This particularity of matters of the soul requires us to adopt a method that is entirely paradoxical. We cannot quite say that Bergson's philosophy, a philosophy of plenitude, admits the absolutist and totalitarian law of all-or-nothing, a law that, according to the Stoics, is valid for the alternative between virtue and vice, between wisdom and folly ... Nor does Bergson adopt Hamlet's abrupt ultimatum, to be or not to be! What is true is that only sudden mutation results in qualitative newness, which the scalar gradations of geneticism will never obtain. "Love begins with love," La Bruyère writes, and in the same way we may say that the mind begins with the mind. There is no chance we will encounter an emotion on the path of our deduction unless we give ourselves this emotion at the outset in its entirety, in its specificity, and its irreducible originality. In opposition to "reductionism," to the mania of reducing ... or deducing, Bergson wants every experience, every problem to be thought apart and for itself as if it were by itself. Nothing is won, therefore, by engendering one living reality from another: instinct from intelligence, recollection from habit, the human from the animal, the complete emotion from the embryonic one.
That is why, as we shall see, the act of understanding does not proceed from words to meaning but from meaning to meaning; not from part to whole, but from whole to whole; and in just this way, there is nothing prior to meaning if not meaning, since meaning is the whole [le sens est tout]. Leibniz, whose analytical theory of Expression, on this point, is perhaps not as different from Bergson's immanentism as one might believe, has given profound expression to this particularity of the spiritual. Essentially, albeit in different terms, he writes that what differentiates a machine from a living being is that a part of a machine is truly and purely a part, whereas a part of the organism is yet another organism and so is a part of this part, and so on ad infinitum. The infinitely great just like the infinitesimal, in this regard, challenge the principles of identity and conservation: just as the monad is the microcosmic expression of the macrocosm, the organism, down to the least of its microscopic elements is still organic. This seems to be the case for magnets, which are infinitely magnetic ...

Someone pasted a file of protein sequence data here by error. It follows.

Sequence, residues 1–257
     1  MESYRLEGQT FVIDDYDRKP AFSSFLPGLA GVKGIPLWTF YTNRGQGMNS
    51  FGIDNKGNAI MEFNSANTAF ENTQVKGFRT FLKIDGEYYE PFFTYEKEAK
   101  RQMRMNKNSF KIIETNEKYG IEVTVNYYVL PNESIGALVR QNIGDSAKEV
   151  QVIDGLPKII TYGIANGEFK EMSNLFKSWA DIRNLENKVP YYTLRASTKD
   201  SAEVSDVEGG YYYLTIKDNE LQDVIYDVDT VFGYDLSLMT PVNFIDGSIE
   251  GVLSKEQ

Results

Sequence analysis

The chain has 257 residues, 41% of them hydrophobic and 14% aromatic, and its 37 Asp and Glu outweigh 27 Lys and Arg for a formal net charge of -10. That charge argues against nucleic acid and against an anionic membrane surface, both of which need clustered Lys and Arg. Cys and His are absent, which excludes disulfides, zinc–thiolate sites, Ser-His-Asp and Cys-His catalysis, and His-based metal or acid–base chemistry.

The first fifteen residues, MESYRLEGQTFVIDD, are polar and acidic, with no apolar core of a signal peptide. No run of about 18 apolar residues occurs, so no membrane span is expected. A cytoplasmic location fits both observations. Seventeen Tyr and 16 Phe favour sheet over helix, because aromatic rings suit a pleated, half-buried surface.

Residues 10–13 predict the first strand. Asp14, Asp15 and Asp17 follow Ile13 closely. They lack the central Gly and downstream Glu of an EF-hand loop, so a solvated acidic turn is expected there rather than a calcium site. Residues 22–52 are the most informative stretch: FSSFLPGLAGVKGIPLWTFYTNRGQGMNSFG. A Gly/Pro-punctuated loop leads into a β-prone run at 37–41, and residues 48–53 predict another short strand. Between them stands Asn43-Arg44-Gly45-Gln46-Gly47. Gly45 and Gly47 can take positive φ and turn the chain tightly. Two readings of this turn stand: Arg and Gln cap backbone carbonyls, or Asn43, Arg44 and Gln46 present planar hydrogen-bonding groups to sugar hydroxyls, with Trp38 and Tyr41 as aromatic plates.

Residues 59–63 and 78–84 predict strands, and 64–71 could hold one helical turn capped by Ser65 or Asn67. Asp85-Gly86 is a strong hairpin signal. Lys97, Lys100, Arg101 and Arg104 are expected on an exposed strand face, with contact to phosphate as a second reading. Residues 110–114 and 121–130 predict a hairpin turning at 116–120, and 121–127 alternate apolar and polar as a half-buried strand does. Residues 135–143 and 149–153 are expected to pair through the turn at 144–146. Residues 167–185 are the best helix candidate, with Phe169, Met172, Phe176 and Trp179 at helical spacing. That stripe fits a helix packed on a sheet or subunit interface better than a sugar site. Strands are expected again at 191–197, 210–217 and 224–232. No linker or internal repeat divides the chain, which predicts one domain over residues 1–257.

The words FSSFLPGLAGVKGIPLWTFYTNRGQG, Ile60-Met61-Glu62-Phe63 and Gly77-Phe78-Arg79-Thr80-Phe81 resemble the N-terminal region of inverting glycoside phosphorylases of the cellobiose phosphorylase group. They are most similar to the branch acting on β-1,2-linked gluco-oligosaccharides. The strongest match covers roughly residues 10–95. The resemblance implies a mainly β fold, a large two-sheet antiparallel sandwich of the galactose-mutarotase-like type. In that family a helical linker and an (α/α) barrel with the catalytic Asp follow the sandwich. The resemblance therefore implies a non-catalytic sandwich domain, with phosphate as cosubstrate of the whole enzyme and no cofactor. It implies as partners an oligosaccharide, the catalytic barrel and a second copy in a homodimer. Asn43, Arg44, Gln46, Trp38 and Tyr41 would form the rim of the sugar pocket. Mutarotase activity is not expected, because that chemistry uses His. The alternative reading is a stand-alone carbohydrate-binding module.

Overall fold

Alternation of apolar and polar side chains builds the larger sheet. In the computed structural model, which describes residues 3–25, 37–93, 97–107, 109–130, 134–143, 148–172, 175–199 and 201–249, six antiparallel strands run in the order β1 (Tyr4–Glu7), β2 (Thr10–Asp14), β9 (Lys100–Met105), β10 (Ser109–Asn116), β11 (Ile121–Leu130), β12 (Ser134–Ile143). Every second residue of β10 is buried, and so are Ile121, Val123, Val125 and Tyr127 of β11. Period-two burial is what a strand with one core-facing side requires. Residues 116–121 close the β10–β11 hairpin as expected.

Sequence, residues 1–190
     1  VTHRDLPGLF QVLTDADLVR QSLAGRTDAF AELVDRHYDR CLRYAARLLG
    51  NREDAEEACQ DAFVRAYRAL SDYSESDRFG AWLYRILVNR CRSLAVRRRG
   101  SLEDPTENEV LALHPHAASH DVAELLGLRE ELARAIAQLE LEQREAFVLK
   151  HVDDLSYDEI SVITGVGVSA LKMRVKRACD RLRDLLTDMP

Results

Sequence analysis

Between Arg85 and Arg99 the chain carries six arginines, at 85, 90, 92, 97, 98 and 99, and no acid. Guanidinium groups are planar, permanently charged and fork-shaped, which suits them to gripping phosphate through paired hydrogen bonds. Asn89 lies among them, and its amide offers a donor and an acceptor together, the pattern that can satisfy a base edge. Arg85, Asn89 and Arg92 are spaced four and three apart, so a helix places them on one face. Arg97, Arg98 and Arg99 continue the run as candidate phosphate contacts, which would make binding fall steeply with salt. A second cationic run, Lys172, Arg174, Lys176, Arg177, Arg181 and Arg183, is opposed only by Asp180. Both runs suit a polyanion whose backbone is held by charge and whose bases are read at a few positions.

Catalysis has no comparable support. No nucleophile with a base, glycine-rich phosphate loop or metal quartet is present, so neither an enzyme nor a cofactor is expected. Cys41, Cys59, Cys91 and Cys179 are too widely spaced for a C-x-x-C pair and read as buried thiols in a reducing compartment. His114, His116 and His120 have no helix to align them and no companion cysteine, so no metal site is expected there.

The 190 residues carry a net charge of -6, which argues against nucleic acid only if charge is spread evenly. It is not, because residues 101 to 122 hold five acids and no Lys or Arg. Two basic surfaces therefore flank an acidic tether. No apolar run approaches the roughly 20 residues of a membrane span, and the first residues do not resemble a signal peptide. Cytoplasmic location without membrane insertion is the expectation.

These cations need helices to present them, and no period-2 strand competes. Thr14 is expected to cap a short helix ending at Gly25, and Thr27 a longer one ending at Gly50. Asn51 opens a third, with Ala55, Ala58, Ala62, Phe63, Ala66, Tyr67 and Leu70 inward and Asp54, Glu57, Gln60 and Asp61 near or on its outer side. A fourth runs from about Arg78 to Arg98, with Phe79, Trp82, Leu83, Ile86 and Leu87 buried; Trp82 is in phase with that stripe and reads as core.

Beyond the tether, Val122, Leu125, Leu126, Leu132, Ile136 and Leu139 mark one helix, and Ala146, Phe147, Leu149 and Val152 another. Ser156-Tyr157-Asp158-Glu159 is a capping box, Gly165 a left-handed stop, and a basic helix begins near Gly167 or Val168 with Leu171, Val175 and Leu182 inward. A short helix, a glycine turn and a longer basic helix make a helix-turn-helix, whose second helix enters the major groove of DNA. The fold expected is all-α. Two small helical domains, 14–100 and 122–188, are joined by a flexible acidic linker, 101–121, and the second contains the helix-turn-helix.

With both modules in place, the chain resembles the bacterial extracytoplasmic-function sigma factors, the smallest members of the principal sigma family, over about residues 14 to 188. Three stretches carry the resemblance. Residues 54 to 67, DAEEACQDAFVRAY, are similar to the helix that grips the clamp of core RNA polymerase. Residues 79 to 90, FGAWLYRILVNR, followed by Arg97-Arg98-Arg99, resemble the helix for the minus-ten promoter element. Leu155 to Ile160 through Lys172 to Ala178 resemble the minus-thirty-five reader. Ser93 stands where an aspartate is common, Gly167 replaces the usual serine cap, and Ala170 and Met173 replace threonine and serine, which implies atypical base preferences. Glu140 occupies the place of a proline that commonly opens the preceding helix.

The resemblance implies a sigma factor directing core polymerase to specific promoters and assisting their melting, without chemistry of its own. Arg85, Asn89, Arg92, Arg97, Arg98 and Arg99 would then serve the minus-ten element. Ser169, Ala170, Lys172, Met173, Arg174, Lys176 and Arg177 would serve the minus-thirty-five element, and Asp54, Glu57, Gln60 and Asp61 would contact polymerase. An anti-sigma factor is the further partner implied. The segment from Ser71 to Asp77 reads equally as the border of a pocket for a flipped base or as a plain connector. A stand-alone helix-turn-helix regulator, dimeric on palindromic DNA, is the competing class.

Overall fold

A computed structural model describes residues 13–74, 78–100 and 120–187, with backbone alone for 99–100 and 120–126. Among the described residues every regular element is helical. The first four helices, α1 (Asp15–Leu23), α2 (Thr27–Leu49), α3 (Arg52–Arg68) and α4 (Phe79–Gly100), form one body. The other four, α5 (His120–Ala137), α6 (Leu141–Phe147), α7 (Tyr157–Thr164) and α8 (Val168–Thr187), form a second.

Excerpted from Henri Bergson by Vladimir Jankélévitch, Alexandre Lefebvre, Nils F. Schott. Copyright © 1959 Presses Universitaires de France. Excerpted by permission of Duke University Press.
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Table of ContentsEditors' Preface vii
Introduction. Jankélévitch on Bergson: Living in Time / Alexandre Lefebvre xi
1. Organic Totalities 3
I. The Whole and Its Elements 4
II. The Retrospective View and the Illusion of the Future Perfect 11
2. Freedom 23
I. Actor and Spectator 24
II. Becoming 30
III. The Free Act 49
3. Soul and Body 66
I. Thought and Brain 66
II. Recollection and Perception 79
III. Intellection 89
IV. Memory and Matter 94
4. Life 109
I. Finality 109
II. Instinct and Intellect 119
III. Matter and Life 137
5. Heroism and Saintliness 151
I. Suddenness 152
II. The Open and the Closed 156
III. Bergson's Maximalism 159
6. The Nothingness of Concepts and the Plentitude of Spirit 167
I. Fabrication and Organization: The Demiurgic Prejudice 167
II. On the Possible 179
7. Simplicity . . . and Joy 191
I. On Simplicity 191
II. Bergson's Optimism 203
Supplementary Pieces 247
Preface to the First Edition of Henri Bergson (1930) 247
Letters to Vladimir Jankélévitch by Henri Bergson 248
Letter to Louis Beauduc on First Meeting Bergson (1923) 250
What Is the Value of Bergson's Thought? Interview with Françoise Reiss (1959) 251
Solemn Homage to Henri Bergson (1959) 253
What People are Saying About This
"There is no question that Vladimir Jankélévitch’s Henri Bergson is one of the most important books written on Bergson. Equally, there is no question that Deleuze’s book on Bergson is one of most important. However, what distinguishes the two, and what makes Jankélévitch’s book really valuable are the three chapters he added in 1959. These three chapters tell us precisely how to understand Bergson’s ethics (especially the chapter on Bergson and Judaism), and they contain the seeds of Jankélévitch’s own later work. Having such an accurate and scholarly English translation is great. The Introduction, by Alexandre Lefebvre, who is one of our most important Anglophone commentators on Bergson, is illuminating."